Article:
In an era in which many believe that the president holds and espouses racist views, and some of his supporters interpret his words as licensing the communication of hateful messages, these psychological, physical, political, and constitutional concerns have become more acute. If the war on “political correctness” means that our society will become more outwardly racist, xenophobic, and otherwise dignity-disregarding, then we must again consider whether and how the First Amendment’s protection of “hate speech” can be reconciled with the considerable harms it causes.

Why Protect “Hate Speech”?

Given these significant harms, why does the First Amendment generally protect hateful and demeaning expression? In an era in which “hate speech” appears to be proliferating in public spaces and on social media what explanation can one give, in particular to those who are targets of this kind of expression?

One approach we ought not to take is to minimize, mock, or politicize their concerns. Unfortunately, that has been the primary tactic of the Trump administration. The president’s own statements are defended by the White House and its supporters as either benign or attacks on “political correctness.” The administration and its allies have attacked campus “radicals” and “bureaucrats” who, they say, are engaged in a conspiracy to suppress all conservative opinions and viewpoints. This, incidentally, sounds a lot like the conspiracy theory that has led the president to suggest that Google’s search algorithms ought to be “looked into” based on their supposed political bias.

It is an unfortunate reality that both right-wing and left-wing speakers have been singled out and effectively silenced—including on college (p.102) campuses. Many recent conflicts involving campus speech have centered on the communication of “hate speech” by so-called “conservative” speakers. However, to assert that “radicals” and “bureaucrats” are engaged in some program of partisan oppression downplays the nature and scope of concerns raised when, for example, an avowed white supremacist is invited to a university campus. Even putting aside security and cost concerns that may arise in such instances, whether “white supremacy” is a viewpoint that students or faculty ought to invite into their campus communities and devote significant resources toward presenting is a complex question that involves considerations of both freedom of speech and academic freedom.23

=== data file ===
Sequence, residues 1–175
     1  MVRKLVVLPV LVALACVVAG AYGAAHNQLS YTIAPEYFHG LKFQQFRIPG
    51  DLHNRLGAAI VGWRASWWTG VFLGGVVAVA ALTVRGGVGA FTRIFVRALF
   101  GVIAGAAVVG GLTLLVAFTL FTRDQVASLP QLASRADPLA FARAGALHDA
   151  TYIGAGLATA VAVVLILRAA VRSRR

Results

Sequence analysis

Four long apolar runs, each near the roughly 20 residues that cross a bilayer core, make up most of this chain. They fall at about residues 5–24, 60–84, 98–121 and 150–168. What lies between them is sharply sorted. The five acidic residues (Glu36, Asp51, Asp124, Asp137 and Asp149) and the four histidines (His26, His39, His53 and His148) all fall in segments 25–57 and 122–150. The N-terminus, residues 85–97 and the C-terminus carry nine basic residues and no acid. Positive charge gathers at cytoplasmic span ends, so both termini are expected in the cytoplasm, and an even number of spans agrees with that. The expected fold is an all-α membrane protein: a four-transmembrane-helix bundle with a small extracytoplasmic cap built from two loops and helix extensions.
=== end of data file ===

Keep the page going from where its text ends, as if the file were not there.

To be sure, there have been some instances of wrong-headed suppression of even non-hateful expression by conservative groups and speakers. Those instances should be condemned. However, they should not obscure the concerns relating to the presence of white supremacist and other right-wing provocateurs on campus.

The Trump administration has sometimes downplayed the harms that this sort of “hate speech” can cause. For example, when he was attorney general, Jefferson Sessions described college students who raised concerns about “hate speech” on campus as “a generation of sanctimonious, sensitive, supercilious snowflakes.” That sort of stereotyping and partisan rhetoric ignores the real and tangible effects of hateful and derogatory speech on college campuses and in other contexts. Indeed, it essentially denies that such harms exist, or that there is anything to debate. More importantly, statements such as this do nothing to explain why the First Amendment has been, and should continue to be, interpreted in a manner that protects the communication of derogatory and demeaning ideas and viewpoints. The attorney general’s rhetoric is not a defense of the First Amendment. It is, rather, an attack on those who dare to question its scope.